When police entered Anna Nikolayev’s home, she didn’t know why.
"I'm going to grab your baby, and don't resist, and don't fight me, OK?" a Sacramento Calif., police officer said in a home video that captured the incident.
The authorities were referring to her 5-month-old son, Sammy, who has a heart murmur, News10 reports. Nearly two weeks ago, Nikolayev and her husband, Alex, took their son to Sutter Memorial Hospital in Sacramento but decided to seek a second opinion at another hospital after doctors suggested Sammy undergo heart surgery.
"If we got the one mistake after another, I don't want to have my baby have surgery in the hospital where I don't feel safe," Anna told the news outlet, pointing to previous incidents where she was concerned about the care he was receiving, News 10 reports.
For instance, when Anna asked a nurse what antibiotics she was administering to her son, the nurse answered, “I don’t know.”
“I'm like, 'You're working as a nurse, and you don't even know what to give to my baby for what,'" Nikolayev told the news outlet, recounting the conversation.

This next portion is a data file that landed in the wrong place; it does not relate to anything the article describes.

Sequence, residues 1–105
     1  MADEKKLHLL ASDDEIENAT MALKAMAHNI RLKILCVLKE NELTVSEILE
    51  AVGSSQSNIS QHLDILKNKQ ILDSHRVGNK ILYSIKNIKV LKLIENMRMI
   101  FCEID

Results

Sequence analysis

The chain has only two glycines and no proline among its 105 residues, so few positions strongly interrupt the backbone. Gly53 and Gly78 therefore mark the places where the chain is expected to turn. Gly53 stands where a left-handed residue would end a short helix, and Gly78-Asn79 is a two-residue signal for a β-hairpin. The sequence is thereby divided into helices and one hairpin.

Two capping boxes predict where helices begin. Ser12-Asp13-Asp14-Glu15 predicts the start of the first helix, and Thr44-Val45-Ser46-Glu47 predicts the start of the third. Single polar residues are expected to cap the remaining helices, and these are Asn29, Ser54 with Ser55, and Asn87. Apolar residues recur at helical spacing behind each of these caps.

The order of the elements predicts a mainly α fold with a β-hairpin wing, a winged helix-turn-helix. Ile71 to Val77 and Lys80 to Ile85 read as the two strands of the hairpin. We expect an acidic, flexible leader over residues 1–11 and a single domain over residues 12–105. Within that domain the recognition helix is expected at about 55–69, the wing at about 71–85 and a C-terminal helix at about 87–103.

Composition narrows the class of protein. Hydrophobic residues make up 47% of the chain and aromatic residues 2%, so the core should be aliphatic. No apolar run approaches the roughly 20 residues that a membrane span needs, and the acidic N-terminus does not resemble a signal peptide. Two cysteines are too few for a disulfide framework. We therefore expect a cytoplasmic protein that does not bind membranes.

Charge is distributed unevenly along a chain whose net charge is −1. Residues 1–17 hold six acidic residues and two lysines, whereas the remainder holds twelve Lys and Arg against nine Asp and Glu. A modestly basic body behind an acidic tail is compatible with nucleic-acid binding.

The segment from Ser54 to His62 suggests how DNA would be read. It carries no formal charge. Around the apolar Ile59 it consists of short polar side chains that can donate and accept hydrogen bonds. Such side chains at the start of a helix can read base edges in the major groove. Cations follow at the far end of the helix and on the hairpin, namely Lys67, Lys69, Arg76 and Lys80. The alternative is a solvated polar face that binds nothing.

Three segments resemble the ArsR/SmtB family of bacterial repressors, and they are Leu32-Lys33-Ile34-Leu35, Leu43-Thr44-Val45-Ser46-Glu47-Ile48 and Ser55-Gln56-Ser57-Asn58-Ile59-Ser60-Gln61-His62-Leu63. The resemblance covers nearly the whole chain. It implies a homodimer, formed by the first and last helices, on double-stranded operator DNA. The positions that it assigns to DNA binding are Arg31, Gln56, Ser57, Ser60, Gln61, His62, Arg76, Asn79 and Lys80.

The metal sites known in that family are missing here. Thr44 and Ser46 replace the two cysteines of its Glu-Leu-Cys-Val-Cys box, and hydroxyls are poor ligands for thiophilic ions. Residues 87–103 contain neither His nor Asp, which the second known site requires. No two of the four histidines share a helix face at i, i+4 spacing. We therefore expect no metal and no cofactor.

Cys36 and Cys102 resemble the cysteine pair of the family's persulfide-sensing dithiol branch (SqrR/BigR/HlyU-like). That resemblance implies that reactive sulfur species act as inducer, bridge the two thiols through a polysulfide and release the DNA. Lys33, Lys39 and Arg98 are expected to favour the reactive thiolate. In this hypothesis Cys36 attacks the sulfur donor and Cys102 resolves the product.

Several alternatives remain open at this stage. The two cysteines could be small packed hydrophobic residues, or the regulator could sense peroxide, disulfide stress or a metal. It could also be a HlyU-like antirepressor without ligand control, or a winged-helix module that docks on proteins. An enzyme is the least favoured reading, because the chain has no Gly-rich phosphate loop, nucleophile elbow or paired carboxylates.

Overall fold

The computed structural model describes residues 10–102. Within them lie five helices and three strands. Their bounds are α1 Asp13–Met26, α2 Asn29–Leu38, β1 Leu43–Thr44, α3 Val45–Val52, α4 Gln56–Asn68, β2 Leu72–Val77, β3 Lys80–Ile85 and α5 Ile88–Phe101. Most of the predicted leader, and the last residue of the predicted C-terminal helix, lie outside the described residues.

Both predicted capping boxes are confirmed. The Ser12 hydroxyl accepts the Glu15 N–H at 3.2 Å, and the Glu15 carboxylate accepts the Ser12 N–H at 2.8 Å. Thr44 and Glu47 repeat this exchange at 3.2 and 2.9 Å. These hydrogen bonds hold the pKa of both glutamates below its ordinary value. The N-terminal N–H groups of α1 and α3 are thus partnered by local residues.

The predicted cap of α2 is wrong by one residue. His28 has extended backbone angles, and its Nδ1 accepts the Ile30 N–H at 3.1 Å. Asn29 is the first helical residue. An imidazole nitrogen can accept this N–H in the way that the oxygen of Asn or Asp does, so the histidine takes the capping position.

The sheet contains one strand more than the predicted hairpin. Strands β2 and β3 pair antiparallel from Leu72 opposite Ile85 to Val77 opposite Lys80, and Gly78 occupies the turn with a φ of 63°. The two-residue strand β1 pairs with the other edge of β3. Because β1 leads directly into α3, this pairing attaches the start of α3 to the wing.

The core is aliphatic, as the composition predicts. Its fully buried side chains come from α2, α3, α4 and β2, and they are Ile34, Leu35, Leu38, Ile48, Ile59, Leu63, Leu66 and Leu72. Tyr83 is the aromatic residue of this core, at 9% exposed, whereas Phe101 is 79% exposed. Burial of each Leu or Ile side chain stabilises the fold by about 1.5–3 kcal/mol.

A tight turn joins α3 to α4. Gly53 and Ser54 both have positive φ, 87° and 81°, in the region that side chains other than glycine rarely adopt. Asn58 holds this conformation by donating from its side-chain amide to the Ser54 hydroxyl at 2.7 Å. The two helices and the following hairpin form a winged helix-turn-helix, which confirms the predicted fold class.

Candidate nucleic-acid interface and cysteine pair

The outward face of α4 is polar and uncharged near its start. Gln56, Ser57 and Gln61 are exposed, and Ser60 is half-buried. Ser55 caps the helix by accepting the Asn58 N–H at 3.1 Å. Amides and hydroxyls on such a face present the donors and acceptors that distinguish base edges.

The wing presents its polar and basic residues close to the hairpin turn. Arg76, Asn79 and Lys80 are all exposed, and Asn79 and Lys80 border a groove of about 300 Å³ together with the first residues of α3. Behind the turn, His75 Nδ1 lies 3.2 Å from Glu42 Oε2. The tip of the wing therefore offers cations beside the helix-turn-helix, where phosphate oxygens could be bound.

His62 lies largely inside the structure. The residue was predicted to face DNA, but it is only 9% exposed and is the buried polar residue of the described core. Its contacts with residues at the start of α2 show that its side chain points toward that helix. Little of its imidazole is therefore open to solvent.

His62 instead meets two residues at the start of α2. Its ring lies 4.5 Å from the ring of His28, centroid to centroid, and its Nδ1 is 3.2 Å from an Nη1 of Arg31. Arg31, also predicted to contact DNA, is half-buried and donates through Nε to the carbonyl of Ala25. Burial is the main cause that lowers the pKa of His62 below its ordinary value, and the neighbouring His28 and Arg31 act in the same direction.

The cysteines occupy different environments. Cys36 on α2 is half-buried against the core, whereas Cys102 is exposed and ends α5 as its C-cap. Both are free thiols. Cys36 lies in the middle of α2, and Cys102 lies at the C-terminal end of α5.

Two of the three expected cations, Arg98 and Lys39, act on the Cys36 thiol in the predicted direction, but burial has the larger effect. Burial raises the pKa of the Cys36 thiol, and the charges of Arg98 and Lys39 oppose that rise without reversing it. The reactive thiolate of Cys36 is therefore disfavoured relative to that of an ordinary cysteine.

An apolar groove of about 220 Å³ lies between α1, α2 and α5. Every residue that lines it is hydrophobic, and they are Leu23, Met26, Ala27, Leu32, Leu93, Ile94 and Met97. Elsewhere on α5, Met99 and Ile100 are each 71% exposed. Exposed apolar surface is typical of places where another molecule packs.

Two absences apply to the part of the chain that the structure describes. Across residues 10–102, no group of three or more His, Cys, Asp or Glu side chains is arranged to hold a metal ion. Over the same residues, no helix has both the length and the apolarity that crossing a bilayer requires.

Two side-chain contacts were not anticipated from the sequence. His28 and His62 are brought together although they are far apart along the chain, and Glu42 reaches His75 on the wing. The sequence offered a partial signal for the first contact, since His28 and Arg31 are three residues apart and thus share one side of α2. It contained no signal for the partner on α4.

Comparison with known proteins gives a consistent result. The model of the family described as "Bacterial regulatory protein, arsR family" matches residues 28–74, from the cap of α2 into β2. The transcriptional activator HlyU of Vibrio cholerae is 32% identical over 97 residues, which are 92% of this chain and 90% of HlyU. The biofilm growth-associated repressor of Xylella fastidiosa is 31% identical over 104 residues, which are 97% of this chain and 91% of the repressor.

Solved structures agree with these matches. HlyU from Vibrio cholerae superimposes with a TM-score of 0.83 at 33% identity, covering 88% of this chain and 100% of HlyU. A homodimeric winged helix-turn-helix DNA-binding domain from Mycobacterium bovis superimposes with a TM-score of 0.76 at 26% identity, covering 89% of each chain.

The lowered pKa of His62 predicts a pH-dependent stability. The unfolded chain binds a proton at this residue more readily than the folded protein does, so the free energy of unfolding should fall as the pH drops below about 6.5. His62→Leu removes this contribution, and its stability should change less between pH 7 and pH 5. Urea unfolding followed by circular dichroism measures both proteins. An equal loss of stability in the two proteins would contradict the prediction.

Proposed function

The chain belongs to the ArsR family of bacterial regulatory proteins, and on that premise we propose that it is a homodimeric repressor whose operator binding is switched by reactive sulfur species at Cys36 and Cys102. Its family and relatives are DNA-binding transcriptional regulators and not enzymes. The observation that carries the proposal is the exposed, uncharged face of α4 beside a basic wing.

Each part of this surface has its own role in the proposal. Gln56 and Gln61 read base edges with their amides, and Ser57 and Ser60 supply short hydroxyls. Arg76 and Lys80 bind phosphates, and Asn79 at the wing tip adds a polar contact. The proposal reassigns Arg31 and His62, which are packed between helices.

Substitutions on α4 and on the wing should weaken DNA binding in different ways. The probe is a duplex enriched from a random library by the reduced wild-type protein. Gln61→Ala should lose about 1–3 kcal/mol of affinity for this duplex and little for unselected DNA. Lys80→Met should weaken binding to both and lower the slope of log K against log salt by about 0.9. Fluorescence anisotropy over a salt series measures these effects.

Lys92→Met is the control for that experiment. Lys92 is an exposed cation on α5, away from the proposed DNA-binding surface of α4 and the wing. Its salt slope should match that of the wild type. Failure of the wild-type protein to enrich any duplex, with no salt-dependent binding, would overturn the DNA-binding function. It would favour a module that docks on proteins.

Without a proper discharge, Sammy’s parents took him to Kaiser Parmanente Medical Center in Sacremento. While there, police showed up and checked on the family after Sutter Memorial reported the parents and left.
"They told us that Sutter was telling them so much bad stuff that they thought that this baby is dying in our arms," Nikolayev said.
A day after the Sammy returned home with the permission of a doctor at Kaiser, Sacramento Police and Sacramento County Child Protective Services showed up at their doorstep, removed the 5-month-old and placed him in protective custody due to "severe neglect" at Sutter Memorial Hospital.
On Monday, a county judge ruled that the baby be removed from protective custody, get transported to Stanford Medical Center in Palo Alto, Calif., and CPS will continue to monitor the family, KXTV reports.
"It's like a special day for us. It's like we're in a unit with our son again," Anna Nikolayev said about the court’s ruling. "We're just not going to let go anymore."
Originally from Montreal, Zoë Mintz joined IBTimes in March 2013. A graduate from the S.I. Newhouse School of Public Communications at Syracuse University, her writing has...